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Use of energy explained Energy use in homes

More than half of energy use in homes is for heating and air conditioning

U.S. households need energy to power numerous home devices and equipment, but on average, more than half—52% in 2020—of a household’s annual energy consumption is for just two energy end uses: space heating and air conditioning.1 These uses are mostly seasonal; are energy-intensive; and vary significantly by geographic location, home size and structure, and equipment and fuels used.

Water heating, lighting, and refrigeration are year-round home energy uses. In 2020, these three end uses accounted for 25% of total annual home energy use. The remaining share—23%—of home energy use was for devices such as televisions, cooking appliances, clothes washers, and clothes dryers, as well as a growing list of consumer electronics, including computers, tablets, smartphones, video game consoles, and internet streaming devices.1

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Many factors affect the amount of energy a household uses

A number of factors affect the amount of energy an individual household uses, including:

  • Geographic location and climate
  • Type of home and its physical characteristics
  • Number, type, and efficiency of energy-consuming devices in the home and the amount of time they are used
  • Number of household members

Because of higher space-heating demand, households in the Northeast and Midwest regions of the United States consume more energy on average than households in the South and West regions. Larger homes and larger households tend to use more energy overall than smaller homes and smaller households.

Space heating and air conditioning account for a much smaller share of household energy use in apartments than in detached single-family homes. Apartments are generally smaller than single-family homes, and they are often partially insulated from weather by adjacent apartments. In 2020, the average household living in a single-family detached home consumed nearly three times more energy than a household living in an apartment building that has five or more apartments.1

Electricity and natural gas are the most-used energy sources in homes

Electricity is used in almost all homes, and retail electricity purchases accounted for about 44% of total residential sector end-use energy consumption in 2020.2 Natural gas, which was used in 58% of homes in 2020, accounted for about 43% of residential sector end-use energy consumption in 2020. Petroleum was the next most-consumed energy source in the residential sector in 2020, accounting for about 8% of total residential sector energy end use. Petroleum includes heating oil, kerosene, and liquefied petroleum gas (LPG), which is mostly propane. Renewable energy sources—geothermal, solar energy, and wood fuels—accounted for about 5% of residential sector energy end use in 2020.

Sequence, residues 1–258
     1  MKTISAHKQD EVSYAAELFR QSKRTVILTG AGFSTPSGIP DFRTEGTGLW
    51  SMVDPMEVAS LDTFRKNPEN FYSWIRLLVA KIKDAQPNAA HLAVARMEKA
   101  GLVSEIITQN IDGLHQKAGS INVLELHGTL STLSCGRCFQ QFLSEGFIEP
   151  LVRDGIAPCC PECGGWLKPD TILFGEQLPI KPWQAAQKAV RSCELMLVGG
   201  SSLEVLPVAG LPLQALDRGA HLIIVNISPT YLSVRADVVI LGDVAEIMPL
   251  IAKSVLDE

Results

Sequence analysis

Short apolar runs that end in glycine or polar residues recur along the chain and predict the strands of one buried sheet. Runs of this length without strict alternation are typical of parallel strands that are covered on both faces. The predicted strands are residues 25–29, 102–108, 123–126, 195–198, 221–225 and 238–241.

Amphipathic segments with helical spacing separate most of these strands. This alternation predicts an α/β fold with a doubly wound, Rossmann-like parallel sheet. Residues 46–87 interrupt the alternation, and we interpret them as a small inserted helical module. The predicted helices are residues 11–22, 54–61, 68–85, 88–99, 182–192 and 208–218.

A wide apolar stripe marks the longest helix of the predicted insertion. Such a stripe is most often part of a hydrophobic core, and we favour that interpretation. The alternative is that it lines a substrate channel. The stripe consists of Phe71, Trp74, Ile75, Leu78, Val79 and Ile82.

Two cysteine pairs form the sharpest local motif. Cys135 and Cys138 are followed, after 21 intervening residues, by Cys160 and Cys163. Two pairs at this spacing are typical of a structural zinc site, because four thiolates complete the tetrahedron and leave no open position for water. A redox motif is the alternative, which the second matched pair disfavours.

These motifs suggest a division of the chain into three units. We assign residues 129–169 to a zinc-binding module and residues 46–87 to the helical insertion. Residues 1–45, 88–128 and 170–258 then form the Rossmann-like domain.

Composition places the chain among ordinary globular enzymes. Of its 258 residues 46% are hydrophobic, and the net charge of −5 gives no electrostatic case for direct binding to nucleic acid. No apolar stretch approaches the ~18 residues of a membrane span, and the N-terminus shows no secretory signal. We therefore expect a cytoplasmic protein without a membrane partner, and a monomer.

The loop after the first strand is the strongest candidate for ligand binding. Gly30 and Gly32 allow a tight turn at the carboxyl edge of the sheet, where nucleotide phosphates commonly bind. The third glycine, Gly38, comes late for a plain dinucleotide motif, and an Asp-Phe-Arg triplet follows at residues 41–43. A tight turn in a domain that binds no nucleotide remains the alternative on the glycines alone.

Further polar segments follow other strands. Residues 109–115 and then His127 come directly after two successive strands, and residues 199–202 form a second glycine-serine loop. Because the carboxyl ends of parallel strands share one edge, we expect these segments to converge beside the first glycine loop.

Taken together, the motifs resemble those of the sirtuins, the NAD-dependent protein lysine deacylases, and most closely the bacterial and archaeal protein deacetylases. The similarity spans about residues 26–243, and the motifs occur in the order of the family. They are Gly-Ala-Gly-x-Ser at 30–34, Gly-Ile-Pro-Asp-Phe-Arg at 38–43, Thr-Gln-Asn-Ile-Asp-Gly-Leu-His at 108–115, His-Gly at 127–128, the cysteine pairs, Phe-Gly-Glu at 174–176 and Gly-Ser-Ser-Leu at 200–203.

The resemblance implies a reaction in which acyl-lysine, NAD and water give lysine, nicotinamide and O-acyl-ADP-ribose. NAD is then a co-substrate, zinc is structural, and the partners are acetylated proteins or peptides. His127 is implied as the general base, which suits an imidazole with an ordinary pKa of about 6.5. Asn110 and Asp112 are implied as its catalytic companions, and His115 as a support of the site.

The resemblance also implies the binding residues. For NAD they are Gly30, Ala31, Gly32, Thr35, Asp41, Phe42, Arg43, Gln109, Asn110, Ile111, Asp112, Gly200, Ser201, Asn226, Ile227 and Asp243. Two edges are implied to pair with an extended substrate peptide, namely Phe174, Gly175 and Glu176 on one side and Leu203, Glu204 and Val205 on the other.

The types and major end uses of energy by the U.S. residential sector include:

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Overall, three-quarters of U.S. homes use two or more energy sources, but mobile homes in all regions of the country and homes in the South are most likely to only use electricity to meet all of their household energy needs. Heating oil is primarily used in the Northeast. Many homes in rural areas use propane to meet most heating and cooking needs. Wood is used as a main heating fuel mostly in rural areas, but many homes throughout the country use it for supplemental heating. Approximately 13% of households in 2020 used a heat pump as the main heating equipment. Heat pumps are also used for cooling. The number of homes with small-scale solar photovoltaic systems has increased substantially in recent years.

Energy use per household has declined

The typical U.S. household today is more likely to use air-conditioning equipment, live in a larger home, and use more electronics than a typical household did 30 years ago. However, average annual site energy use per home has declined. The reasons for this decline include:

  • Improvements in building insulation and materials
  • Improved efficiencies of heating and cooling equipment, water heaters, refrigerators, lighting, and appliances
  • Population migration to regions with lower heating demand

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1 Source: U.S. Energy Information Administration, Residential Energy Consumption Survey 2020.
2 Source: U.S. Energy Information Administration, Monthly Energy Review, September 2023.

Last updated: December 18, 2023, with data available from the source reports as indicated.